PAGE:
Wednesday February 7, 2018
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Construction takes place at a Refinery and Petrochemical Integrated Development (RAPID) project site in Pengerang, Johor October 6, 2015. — Reuters picConstruction takes place at a Refinery and Petrochemical Integrated Development (RAPID) project site in Pengerang, Johor October 6, 2015. — Reuters picKUALA LUMPUR, Feb 7 — Saudi Arabian Oil Co and Malaysia’s state-owned oil firm are close to raising an US$8 billion (RM31.2 billion) loan to partly finance the construction of a planned refinery and a petrochemical complex in the South-east Asian nation, people familiar with the matter said.

The Middle Eastern oil giant, known as Aramco, and Petroliam Nasional Bhd could sign the loan agreement as early as next month, said the people, who asked not to be identified because the information is private. BNP Paribas SA, HSBC Holdings Plc and Bank of Tokyo-Mitsubishi UFJ Ltd are among lenders that have agreed to provide financing, the people said.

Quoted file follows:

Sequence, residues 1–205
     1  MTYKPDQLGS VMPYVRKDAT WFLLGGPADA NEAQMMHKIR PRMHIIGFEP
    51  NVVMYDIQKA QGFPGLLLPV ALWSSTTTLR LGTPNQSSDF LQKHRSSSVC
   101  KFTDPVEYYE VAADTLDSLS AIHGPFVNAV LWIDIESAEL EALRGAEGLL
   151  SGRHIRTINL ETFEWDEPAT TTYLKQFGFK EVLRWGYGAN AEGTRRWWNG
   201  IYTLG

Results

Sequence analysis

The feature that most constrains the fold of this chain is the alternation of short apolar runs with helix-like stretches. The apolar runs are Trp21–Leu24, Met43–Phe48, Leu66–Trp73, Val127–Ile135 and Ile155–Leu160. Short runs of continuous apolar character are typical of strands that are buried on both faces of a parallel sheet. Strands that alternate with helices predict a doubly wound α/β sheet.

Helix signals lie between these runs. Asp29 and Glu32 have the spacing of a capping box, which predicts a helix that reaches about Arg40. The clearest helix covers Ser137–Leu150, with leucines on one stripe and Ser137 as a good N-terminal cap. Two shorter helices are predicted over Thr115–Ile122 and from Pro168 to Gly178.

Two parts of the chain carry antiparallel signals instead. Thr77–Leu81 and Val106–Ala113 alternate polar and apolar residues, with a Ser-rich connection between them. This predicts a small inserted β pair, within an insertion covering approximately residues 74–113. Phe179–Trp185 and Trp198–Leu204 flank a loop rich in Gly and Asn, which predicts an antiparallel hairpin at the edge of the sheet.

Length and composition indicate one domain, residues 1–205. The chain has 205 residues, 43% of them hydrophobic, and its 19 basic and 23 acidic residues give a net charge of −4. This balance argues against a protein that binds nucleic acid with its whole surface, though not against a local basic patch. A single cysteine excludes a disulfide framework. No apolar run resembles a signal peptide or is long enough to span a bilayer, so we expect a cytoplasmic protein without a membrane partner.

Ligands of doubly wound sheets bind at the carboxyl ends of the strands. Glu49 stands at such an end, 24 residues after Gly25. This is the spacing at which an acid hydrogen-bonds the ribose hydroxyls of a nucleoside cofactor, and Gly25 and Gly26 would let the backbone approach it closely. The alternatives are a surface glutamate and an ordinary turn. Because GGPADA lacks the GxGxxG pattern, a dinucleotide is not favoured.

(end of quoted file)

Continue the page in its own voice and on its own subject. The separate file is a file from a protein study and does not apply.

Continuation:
The complex is part of a US$27 billion project known as Refinery and Petrochemicals Integrated Development, or RAPID, in Malaysia’s southern state of Johor that’s due to come on stream in 2019. Aramco agreed to invest US$7 billion for half of the oil refinery and petrochemical plant last February as it seeks to defend its status as the world’s biggest exporter and fend off rivals in Asia, the biggest market for its crude.

Aramco said it doesn’t comment on ongoing business plans and transactions, while Petronas didn’t respond to requests for comment.

The RAPID project, which was announced in 2011, borders the traditional Asian oil trading and refining centre of Singapore. It will include a 300,000 barrel-a-day refinery, which can produce fuels that meet Euro 5 emissions standards, as well as provide feedstock for a connected petrochemical plant, according to Petronas.

For Aramco, the deal is part of its long-standing strategy of investing in refining to help lock in demand for its crude. The Saudi firm is battling for global market share amid competition from U.S. shale oil producers, Russia and even fellow members of the Organisation of Petroleum Exporting Countries as it prepares for what could be one of the world’s largest initial public offerings. — Bloomberg

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